WASHINGTON — The Navy is leading the nation in the quest for alternative energy sources, Navy Secretary Ray Mabus said here yesterday, and “it is doing so primarily for one reason: it makes us better warfighters.”
Speaking at an industry energy, environment, defense and security conference, Mabus embraced the Navy’s role as a leader in the alternative energy movement that he said can lay the foundation for government and industry to follow.
The Defense Department is America’s largest user of biofuels, Mabus said, and the Navy and Marine Corps account for about one-third of that use. Reliance on biofuels, he added, increases security risks and puts the military at the mercy of “price shocks” in the oil and gas industry.
Fuel supplies make up the most truck convoys in Afghanistan, Mabus said, and one U.S. Marine is killed by an insurgent attack for every 50 convoys that make the long trek through Afghanistan.
For its part, the Navy is adapting to alternative fuels in the same way it adapted from sail to coal, Mabus said. On Earth Day last year, he noted, the Navy demonstrated a 50/50 blend of biofuels and a mustard seed alternative in a supersonic F‑18 Hornet flight.
The USS Makin Island amphibious assault ship uses a hybrid system of an electric engine for speeds under 12 knots and diesel power above that speed, the secretary added. By 2020, at least half of the Navy and Marine Corps’ energy use must come from nonfossil fuels, he said.
“We’ve adapted, we’ve been flexible, and that’s what has made the Navy and Marine Corps the most powerful expeditionary fighting force on Earth,” Mabus said.
The push for alternative energy requires some upfront costs, but will produce a high return on that investment, Mabus said. By reducing flights by 180 and taking 450 tankers off the roads, he said, a $40 million investment could save the Navy $65 million per year on the energy used by one Marine unit.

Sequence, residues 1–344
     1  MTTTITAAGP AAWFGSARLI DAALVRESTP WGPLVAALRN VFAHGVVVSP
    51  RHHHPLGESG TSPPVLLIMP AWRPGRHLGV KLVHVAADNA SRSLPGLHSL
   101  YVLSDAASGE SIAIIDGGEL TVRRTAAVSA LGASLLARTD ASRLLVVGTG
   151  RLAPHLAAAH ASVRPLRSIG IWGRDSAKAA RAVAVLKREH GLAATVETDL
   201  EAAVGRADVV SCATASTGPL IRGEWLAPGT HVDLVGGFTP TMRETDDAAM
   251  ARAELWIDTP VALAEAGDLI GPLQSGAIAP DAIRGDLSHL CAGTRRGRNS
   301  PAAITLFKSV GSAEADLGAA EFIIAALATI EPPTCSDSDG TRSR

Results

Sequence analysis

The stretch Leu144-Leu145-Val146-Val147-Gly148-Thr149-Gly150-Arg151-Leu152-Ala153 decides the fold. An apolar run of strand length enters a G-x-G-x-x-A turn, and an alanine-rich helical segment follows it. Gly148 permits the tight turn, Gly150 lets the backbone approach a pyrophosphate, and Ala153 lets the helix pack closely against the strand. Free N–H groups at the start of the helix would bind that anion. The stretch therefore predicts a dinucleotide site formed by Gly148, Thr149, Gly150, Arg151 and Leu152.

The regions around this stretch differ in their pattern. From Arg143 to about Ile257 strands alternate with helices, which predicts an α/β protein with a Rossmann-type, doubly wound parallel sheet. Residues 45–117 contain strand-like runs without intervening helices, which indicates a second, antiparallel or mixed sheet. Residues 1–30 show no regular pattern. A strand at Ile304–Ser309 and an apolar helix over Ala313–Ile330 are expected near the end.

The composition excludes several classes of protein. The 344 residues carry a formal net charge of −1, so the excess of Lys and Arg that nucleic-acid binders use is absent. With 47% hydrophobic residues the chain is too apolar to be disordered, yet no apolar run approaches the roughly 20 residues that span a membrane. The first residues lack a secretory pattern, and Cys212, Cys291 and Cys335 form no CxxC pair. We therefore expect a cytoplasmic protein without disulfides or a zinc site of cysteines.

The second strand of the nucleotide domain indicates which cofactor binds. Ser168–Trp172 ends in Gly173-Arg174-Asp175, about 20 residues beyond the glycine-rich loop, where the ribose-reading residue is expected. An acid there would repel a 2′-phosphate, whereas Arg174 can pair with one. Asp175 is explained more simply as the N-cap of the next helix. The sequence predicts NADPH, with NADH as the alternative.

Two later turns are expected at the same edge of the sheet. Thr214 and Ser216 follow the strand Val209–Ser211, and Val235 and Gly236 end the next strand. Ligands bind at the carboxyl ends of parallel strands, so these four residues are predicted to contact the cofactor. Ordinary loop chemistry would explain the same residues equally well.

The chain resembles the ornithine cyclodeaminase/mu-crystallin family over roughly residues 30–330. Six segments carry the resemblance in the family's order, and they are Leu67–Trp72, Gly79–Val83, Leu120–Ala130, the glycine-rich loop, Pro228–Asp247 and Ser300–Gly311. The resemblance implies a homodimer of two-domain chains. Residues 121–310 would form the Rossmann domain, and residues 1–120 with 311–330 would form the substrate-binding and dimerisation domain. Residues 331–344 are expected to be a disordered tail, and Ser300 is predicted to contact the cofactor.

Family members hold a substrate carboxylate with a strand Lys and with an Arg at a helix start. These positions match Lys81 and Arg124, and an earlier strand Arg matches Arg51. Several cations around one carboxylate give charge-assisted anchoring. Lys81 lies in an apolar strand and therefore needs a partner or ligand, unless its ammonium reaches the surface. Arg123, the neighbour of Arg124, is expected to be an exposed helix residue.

The Marine Corps has realized the benefits of alternative energy firsthand in Afghanistan, the secretary said, where at least two forward operating bases in Helmand province are run entirely on solar power and others run mostly on solar. The Marines also use solar power to reduce their reliance on and heavy batteries, he added.
The Marines have embraced alternative energy not because they were forced to or wanted to follow a trend, Mabus said, but because they have seen results on the battlefield.
“Nobody’s ever accused the Marines of being tree huggers,” he said. “What they’re really good at is warfighting, and they’re aware of how energy affects that.”
Navy leaders are reaching outside their usual circles, including talking to venture capitalists, to create an environment favorable for industry to pursue research and development in alternative energies and Defense Department contracts in those areas, Mabus said. “We’re trying to get companies past ideas and into production,” he said.
The Navy now considers total ownership costs of equipment, including a lifetime energy supply, in all its acquisitions, Mabus noted. Organizations that aren’t pursuing alternative energies “can say right now that the infrastructure is not in place, he added, but they won’t be able to say that much longer.”
Mabus said the Navy has rules for alternative fuels:
— They must be “homegrown” to avoid foreign reliance;
— They can’t impede food production; and
— They must be usable with existing vehicles.
Increasingly, Mabus said, researchers are testing nonfood items such as algae, tree limbs and wheat stalks as alternative energy sources that would not affect food production. One naval research patent, he noted, tests fuels from the bottom of a sea bed.
“The American military can be a catalyst to do this — to move from the fossil fuel economy we’ve got to one of alternative fuels,” he said.
U.S. Department of Defense
Office of the Assistant Secretary of Defense (Public Affairs)
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